Collaboration in the product design space has never been easy, but it's a whole new ball game today. Gone are the days when the engineer or domain expert central to a design problem or project task was just a stone's throw away or even right across town. Today's product development teams operate as a global business, yet there is still a need to communicate and share critical documents and design files just as easily as if everyone was working from a central location.
Not only does product-related data need to be easily accessible by multiple design centers around the world, it should also be available day or night across different time zones, affording engineering teams the benefit of 24/7 or "follow the sun" development processes. The data and materials must be served up in the native languages of each country so engineers have ready access to what they need in a format they can easily understand. Collaboration on a global scale has to work similarly to collaboration with local peers so design decisions can be made quickly, without misinterpretation and without taking a toll on critical project deadlines.
Beyond globalization, there are other challenges helping to rewrite the rules of collaboration. Today's complex products have a much more varied makeup, requiring a higher degree of interchange between different engineering domains, including mechanical, electrical, analysis, manufacturing, and increasingly, software development. These disciplines can no longer get away with creating their piece of a product in isolated silos, only stepping up to exchange design information at random intervals or even worse, at the tail end of the cycle when it's far too complicated and costly to make changes.
There is also a wider constituency of stakeholders involved in product development today. Marketing folks, supply chain experts, support personnel and outside partners are now critical to the design process, providing input and feedback that helps shape everything from requirements gathering to on-going maintenance procedures. Most development efforts also tap into customer input throughout the various stages of design as well as outsourced design partners, upping the ante for collaboration capabilities that can easily be extended to outside parties.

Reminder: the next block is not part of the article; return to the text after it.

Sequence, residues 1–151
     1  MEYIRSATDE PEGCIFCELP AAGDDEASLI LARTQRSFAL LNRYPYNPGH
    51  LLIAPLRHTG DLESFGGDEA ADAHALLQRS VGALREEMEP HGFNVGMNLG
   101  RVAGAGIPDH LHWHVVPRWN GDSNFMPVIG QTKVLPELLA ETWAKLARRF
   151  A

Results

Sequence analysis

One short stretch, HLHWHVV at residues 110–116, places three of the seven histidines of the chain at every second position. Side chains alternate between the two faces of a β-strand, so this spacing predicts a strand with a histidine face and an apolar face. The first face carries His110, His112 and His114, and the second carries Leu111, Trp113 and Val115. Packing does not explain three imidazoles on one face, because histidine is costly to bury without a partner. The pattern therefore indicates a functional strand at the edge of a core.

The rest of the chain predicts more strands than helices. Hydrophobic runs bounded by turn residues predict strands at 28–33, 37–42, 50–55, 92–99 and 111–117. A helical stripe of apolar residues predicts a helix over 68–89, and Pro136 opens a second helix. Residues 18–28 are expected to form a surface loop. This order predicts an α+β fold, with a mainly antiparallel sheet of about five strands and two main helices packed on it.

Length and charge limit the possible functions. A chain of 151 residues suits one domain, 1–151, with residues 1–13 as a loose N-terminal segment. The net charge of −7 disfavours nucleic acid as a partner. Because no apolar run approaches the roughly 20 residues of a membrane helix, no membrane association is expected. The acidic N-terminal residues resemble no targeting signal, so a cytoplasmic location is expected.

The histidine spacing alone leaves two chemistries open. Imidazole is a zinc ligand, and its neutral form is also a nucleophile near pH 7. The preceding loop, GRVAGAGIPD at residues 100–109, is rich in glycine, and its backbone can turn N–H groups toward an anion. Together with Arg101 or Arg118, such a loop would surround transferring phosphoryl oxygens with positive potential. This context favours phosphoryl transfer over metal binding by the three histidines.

Streamlining Collaboration in Adept 2015
In recognition of these challenges, the latest version of Adept tackles collaboration on a variety of levels with an eye towards streamlining and simplifying the process for extended, global teams. One of the more notable enhancements in Adept 2015 is the concept of Sharing, which lets users share more than documents, and now with entire groups as opposed to the individual exchange popularized in previous versions. With Adept 2015, users can easily and quickly share documents in addition to saved searches, favorites lists, report templates, and transmittal templates and searches with other Adept users that they specify through the new personal group capability.
Adept's new personal group function helps establish ad hoc groups of users—for instance, those working on a common project or with similar disciplines—so they can easily exchange key information and engage in other forms of collaboration.
Companies with large numbers of Adept users are all-too familiar with the pain of trying to find and create user lists to share documents and other critical design-related data. A new concept called Circles borrows from the "friends" paradigm popularized by consumer social networks and allows an Adept user to establish a compounded group of users to shorten user lists and facilitate collaboration. Users within a circle are typically members of a common Personal Group and library access group.
Transmittals are another area that has been enhanced to aid in collaboration. Adept 2015 now exposes previously inaccessible data that is pertinent to the exchange, giving users a window into who sent the material along with all of the relevant contact information. There are also expanded search capabilities so users can drill down and easily find relevant transmittals related to their specific task or project.
To address the global element of collaboration, Adept 2015 fully embraces localization. Menus, window titles, buttons, and messages are now all available in other languages, and administrators can leverage a translation module to localize custom field names, email message headers, and subject lines, among other attributes. The Adept Viewer is also now available in other languages.
The complexity of today's products and the global nature of business have raised the stakes around collaboration. Geographically dispersed teams need the ability to find and share critical product-related data as easily as if it was stored locally even if it's a continent or time zone away.